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Hypnosis lies somewhere between being consciousness but with your eyes closed and deep relaxed state.

We all go through this state several times a day, for example when we fall asleep and when we awaken or daydream. Have you ever driven to work unaware of your surroundings and arrived at home or work and not remember the journey.

This is called a  hypnotic state or trance , so as you can see, hypnosis is a very natural state.

Hypnosis used in hypnotherapy is NOT a state of deep sleep, but an induction into a trance like state, where you will be completely aware of your surroundings. You will not be vulnerable and be made to do anything that you would not wish to do.

You will be in total control and you will only co-operate with those suggestions that you wish to co-operate with – no one can make you do anything otherwise.

Whilst under hypnosis, the conscious mind is suspended and the sub-conscious mind in charge. During hypnosis your imagination becomes heightened and you will become more susceptible to the positive suggestions.

It is then up to you to co-operate with those suggestions, if you do, then the therapy will succeed, but if you do not co-operate then the therapy will fail.

Hypnotherapy works best if you want to succeed. The co-operative hypnotherapy used will make it easier for you to make changes within yourself.

We work together to achieve the result that you desire.

 

Hypnotherapy approved as a form therapy by the British Medical Association (BMA)

The medical practice of hypnotherapy, has subsequently been approved by the British Medical Association (BMA), a recognition which was first stated in 1892, reinforced in 1955, and followed by the American Medical Association (AMA) in 1958.

In 2013 a report published by the British Medical Association.

from research from doctors and dentists for nearly two years a committee of three psychiatrists and a GP recommend that all medical students should be instructed in the possibilities, limitations, and dangers in hypnosis as a form of therapy on the medical use of hypnotherapy.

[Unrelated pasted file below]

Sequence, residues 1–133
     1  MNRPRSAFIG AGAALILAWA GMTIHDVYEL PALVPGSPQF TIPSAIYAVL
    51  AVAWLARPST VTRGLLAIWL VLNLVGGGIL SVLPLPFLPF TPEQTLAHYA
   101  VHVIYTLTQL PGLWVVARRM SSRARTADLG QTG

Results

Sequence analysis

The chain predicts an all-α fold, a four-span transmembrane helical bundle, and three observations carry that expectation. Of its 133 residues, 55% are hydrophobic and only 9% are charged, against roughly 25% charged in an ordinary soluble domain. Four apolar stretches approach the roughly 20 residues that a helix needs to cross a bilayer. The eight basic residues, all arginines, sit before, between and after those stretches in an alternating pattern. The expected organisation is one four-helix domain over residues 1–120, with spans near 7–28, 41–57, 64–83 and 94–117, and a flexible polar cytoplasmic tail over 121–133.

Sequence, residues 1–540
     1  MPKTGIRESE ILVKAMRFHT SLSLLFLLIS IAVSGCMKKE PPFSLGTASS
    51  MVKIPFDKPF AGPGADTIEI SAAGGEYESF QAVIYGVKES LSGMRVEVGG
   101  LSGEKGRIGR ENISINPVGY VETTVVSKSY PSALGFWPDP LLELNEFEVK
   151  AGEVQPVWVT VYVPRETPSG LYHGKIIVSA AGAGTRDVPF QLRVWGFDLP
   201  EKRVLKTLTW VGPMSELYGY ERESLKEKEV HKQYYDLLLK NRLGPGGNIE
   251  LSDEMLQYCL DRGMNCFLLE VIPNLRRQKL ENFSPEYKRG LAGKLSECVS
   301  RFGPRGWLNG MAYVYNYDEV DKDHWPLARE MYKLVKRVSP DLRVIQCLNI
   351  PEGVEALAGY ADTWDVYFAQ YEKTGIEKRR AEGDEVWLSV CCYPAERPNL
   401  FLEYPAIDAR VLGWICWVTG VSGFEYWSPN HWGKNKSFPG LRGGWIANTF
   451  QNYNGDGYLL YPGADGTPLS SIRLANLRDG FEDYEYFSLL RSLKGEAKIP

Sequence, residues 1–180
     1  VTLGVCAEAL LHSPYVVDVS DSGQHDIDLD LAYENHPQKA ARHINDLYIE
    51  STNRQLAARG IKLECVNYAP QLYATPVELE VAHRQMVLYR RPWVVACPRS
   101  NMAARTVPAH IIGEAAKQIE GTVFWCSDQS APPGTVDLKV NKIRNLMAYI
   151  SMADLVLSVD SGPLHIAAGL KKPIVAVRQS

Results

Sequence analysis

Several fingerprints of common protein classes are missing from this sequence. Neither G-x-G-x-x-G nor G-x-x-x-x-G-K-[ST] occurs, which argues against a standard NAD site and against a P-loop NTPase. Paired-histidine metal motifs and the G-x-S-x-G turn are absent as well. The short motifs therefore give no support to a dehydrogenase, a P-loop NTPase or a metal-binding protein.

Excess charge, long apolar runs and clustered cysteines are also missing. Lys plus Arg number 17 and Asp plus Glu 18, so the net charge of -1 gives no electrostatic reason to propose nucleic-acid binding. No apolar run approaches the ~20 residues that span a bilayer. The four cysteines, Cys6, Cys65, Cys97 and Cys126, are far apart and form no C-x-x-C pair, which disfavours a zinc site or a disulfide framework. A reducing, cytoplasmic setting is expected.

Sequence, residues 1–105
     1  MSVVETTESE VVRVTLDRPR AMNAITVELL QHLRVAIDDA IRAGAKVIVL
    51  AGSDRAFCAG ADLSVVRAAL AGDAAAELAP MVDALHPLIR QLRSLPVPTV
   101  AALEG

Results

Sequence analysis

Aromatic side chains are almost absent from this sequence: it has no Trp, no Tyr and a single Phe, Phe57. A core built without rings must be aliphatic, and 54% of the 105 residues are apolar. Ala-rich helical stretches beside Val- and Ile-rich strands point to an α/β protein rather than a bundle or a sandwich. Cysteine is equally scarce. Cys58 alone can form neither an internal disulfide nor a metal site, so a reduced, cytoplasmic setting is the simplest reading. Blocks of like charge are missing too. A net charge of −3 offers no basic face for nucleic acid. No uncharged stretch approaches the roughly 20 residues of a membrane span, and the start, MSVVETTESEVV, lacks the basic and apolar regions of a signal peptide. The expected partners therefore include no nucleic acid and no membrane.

These recommendations arise out of the conclusion that hypnosis has a definite, if small, place in orthodox medicine. A somewhat similar conclusion reached by a similar committee of the B.M.A. some sixty years ago.

The committee agree that the practice is sometimes the treatment of choice in certain psychosomatic disorders. Itching conditions of the skin are a case in point. But in such cases hypnosis is best regarded as a useful adjunct to other forms of psychiatric treatment.

What Hypnotherapy is Not

  • When you are hypnotised you will not lose control, you will have full control of all your faculties
  • Under hypnosis you will not be made to do anything that you would not want to do – it is up to you whether you co-operate with the suggestions
  • You will be totally aware of yourself whilst hypnotised
  • Most people can be hypnotised, but only if they want to co-operate, without that co-operation, hypnosis will fail
  • Contrary to popular belief, most people will not fall asleep (especially on the first session) when they are hypnotised
  • Hypnotherapy is definitely NOT like stage hypnosis, although both use a similar state of relaxation.  Stage hypnotism is purely for entertainment; whilst hypnotherapy is solely for therapeutic purposes and is approved my the British Medical Association
  • You will not be asked or told to do anything against your will.
  • You can ask to stop at any time during the session.